How To Place More Effective Stops

Having been on both sides of the aisle; the trader side and the brokerage side, I think I have a different perspective on the this issue of stop placement than most.  During the course of the day I see a lot of what goes on in the soft underbelly of trade executions and I also talk to a lot of traders who initiate those executions.

One of the complaints that I often hear from retail traders is, “I can’t believe it, they hit my stop and then ran the stock right back up.”  This is definitely one of the most frustrating things that can happen to a trader, and when I hear it my empathetic response is…

“No duh?   Of course they hit your stop, they knew right where it was.”

But they are not supposed to be able to see your stops right?  And if they can’t see them, then how can they go after them?

More on that in a minute.

First let me take a moment to clarify who “they” are.  To tell the truth, I don’t know who “they” are, but I watch “their” actions every day.  They could be market makers, specialists, bots, HFT’s, Algo auto-traders, a combination of all of them, or just the market mojo driven as a whole by the spirit of the late Paul Lynde.

It doesn’t really matter what the mechanics of it are, it’s just the results of those mechanics that matter.

The bottom line is that many entities in the market benefit by volume, and they do anything they can to create that volume, like triggering your stops with only a quote instead of an actual trade which I have written about before.

This type of market action has changed the rules of trading, and let’s face it, the rules of trading have always been pretty dicey to start with.

If you had a 50/50 chance of a certain trading rule holding up in past markets, it’s now more like 25/75.  Of course I am just pulling those numbers out of my ass, but you get the point; the market has changed, and you have to change the way you trade it, especially when it comes to placing stops.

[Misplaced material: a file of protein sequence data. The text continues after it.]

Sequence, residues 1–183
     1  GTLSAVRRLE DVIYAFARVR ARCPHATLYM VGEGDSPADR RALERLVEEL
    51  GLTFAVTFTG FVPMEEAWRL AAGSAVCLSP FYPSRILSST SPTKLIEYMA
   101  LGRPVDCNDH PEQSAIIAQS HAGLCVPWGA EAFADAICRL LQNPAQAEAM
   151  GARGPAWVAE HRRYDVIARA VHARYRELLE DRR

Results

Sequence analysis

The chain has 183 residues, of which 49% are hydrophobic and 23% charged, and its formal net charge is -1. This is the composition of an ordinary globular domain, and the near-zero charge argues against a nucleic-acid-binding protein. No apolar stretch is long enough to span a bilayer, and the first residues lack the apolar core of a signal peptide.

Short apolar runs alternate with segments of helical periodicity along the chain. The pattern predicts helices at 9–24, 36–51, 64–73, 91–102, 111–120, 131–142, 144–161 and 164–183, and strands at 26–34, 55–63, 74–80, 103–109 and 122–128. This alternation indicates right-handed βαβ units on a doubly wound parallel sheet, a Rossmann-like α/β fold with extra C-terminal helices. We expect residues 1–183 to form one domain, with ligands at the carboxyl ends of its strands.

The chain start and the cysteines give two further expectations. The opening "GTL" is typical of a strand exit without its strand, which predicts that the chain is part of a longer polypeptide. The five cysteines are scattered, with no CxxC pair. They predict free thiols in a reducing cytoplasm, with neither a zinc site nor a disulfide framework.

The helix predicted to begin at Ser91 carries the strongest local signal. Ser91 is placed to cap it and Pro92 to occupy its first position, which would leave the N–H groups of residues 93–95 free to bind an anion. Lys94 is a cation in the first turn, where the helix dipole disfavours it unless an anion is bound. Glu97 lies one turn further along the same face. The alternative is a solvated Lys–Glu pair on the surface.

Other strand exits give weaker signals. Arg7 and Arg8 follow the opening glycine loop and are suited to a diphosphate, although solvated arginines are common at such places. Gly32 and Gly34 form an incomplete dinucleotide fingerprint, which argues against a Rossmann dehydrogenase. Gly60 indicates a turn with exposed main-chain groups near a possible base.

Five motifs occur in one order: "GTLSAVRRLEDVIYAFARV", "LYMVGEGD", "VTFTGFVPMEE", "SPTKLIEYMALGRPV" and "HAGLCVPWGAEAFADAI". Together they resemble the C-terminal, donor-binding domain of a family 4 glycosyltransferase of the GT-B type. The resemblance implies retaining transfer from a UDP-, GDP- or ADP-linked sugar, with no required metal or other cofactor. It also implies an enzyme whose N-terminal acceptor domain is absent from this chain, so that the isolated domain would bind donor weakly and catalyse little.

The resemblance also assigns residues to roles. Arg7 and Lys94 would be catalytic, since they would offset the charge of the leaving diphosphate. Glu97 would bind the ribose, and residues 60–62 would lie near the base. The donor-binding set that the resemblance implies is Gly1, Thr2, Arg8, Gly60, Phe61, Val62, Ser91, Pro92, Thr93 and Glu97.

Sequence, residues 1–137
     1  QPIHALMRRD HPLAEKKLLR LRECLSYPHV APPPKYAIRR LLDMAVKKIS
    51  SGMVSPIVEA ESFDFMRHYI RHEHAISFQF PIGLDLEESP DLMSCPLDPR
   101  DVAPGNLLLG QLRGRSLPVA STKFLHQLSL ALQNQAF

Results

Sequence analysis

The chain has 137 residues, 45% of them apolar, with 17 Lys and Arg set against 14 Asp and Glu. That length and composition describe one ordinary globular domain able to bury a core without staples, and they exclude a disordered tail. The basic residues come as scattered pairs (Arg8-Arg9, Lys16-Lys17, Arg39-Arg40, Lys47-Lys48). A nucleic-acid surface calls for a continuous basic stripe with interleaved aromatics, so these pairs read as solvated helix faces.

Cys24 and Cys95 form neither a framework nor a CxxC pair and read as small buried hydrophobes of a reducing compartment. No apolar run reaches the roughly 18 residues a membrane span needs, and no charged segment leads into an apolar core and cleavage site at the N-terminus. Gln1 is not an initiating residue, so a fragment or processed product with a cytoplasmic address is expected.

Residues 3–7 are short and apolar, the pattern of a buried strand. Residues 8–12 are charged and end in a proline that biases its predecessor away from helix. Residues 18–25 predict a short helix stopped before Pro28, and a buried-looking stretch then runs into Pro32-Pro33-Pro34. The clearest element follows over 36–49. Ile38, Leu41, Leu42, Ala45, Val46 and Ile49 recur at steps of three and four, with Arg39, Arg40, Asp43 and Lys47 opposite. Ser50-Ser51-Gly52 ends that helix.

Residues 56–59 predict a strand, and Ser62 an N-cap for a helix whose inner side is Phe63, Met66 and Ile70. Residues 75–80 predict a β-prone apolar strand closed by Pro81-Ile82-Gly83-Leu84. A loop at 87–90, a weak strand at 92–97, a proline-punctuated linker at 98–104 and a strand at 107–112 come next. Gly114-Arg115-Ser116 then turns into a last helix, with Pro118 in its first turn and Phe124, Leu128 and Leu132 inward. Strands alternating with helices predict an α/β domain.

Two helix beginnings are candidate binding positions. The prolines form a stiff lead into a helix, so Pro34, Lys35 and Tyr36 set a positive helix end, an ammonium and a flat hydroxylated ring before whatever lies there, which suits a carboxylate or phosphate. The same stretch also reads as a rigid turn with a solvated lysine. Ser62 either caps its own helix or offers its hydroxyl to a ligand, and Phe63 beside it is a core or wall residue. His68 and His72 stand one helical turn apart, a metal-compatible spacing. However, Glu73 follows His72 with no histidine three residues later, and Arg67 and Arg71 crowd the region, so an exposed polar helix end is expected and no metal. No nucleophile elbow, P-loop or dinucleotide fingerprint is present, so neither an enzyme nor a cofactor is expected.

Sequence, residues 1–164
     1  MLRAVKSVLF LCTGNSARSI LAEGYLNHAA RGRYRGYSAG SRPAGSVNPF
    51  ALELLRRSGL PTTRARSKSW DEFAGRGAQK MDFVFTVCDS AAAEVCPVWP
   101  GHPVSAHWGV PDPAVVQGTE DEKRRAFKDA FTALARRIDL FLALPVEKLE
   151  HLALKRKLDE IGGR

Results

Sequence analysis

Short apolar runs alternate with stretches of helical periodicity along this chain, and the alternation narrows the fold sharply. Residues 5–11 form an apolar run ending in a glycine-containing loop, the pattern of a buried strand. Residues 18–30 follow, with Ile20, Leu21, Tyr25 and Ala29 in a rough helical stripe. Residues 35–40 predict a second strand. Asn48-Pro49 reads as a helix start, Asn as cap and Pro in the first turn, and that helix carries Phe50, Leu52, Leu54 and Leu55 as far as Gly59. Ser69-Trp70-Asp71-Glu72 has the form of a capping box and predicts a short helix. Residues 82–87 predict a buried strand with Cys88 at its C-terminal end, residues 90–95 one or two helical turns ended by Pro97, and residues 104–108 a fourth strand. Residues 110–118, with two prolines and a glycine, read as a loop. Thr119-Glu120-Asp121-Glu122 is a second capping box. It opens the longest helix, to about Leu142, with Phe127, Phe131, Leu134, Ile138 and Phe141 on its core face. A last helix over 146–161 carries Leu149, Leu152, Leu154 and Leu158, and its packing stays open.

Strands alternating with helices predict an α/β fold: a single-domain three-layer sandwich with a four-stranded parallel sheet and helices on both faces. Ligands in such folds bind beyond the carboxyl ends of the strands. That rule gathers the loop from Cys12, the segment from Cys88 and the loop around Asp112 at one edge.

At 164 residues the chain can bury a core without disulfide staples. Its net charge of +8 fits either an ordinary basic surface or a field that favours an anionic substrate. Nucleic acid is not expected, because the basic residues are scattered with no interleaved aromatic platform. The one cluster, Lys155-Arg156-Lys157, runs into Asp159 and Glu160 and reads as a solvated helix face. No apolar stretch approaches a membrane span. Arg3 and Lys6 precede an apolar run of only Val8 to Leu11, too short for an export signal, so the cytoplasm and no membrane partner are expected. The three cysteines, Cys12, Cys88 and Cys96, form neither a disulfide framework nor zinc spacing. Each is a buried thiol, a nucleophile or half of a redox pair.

Let’s start with an illustration that I painstakingly created in a very high-end program called Microsoft Paint.

In days of yore, the way this trade would have been played out is that you would have waited until a double bottom was put in at point B, entered on the bounce, and put a stop in below the red line.  If your trade did indeed fail and stop you out, it would normally continue on down to new lows.  But that’s not how it works anymore.

More often than not, before the trend completely reverses and moves back up, you get one last shiv, as price quickly drops below the double bottom to point C, and then just as quickly reverses back up above the support line and continues to run higher.  This is when I hear the retail traders start to holler about their stops being hit, run, liquidated, or “spanked” depending on what they are into.

So can they see your stops and go after them?  No they can’t, not in the sense you think they can.  In past days if a large human participant wanted to try to run the stops, well they didn’t have to be a genius to know where everybody and their brother put their stops.  Just by looking at a chart and understanding human nature they could figure that out.

Today in the world of robo-trading, “they” know the same thing, it’s just that they are programmed to know instead of having a live human being drive the strategy.